Wednesday, April 25, 2012


Templates are most successful when the simplest of tasks have been taken care of from the start and guesswork by the user has been reduced. Nothing is simpler than loading and setting up of all tags, and you won't get annoyed when you're in a time crunch and Revit asks you to load a tag.

If you're wondering what tags have been assigned, the Loaded Tags task dialog (shortcut: LT) will list all tags assigned to be used for each element category. A simple drop-down list lets you select the default tag family to use. As you develop your template, remember to keep this list up to date.

Annotate > Tag pull-down > Loaded Tags

To be consistent, we've named all of our tags based on the following principle:

- our company's initials, so foreign tags are easily distinguished
- the word 'Tag' so all tags stay grouped together in the family browser
- the family type being tagged, for example: door
- suffix: to separate two tags for the same family type used for different purposes. For example: doors tagging basic information vs life safety information

For example:

        XYZ Tag_Area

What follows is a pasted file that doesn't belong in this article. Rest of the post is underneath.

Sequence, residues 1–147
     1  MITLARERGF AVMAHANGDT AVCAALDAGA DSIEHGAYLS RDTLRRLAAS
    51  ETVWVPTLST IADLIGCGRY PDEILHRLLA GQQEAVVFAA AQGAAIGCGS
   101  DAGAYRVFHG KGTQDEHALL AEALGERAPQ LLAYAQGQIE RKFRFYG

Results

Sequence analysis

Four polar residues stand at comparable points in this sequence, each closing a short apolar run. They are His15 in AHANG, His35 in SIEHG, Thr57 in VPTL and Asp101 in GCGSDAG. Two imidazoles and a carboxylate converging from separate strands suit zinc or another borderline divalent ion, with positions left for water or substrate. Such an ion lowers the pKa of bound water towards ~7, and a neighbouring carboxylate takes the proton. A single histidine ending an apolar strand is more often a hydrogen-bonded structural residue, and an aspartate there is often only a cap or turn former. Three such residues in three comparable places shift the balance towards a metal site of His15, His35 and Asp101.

XYZ Tag_Ceiling
        XYZ Tag_Door
        XYZ Tag_Door (ALS)
        XYZ Tag_Floor
        XYZ Tag_Furniture
        XYZ Tag_Grid
        XYZ Tag_Keynote
        XYZ Tag_Plumbing Fixture
        XYZ Tag_Revision
        XYZ Tag_Room
        XYZ Tag_Room (ALS)
        XYZ Tag_Wall (Fire Rating)
        XYZ Tag_Wall (Type)

Once loaded into the project, you'll want to add a leader arrowhead for each type of that tag.
Select the tag > Edit Type > choose Leader Arrowhead:

If you don't find an arrowhead you like, you can edit an existing type or create your own; Manage > Additional Settings > Arrowheads. Our standard arrowhead is the Filled 15 Degree Arrow, but we also use Heavy End and Filled Dot.

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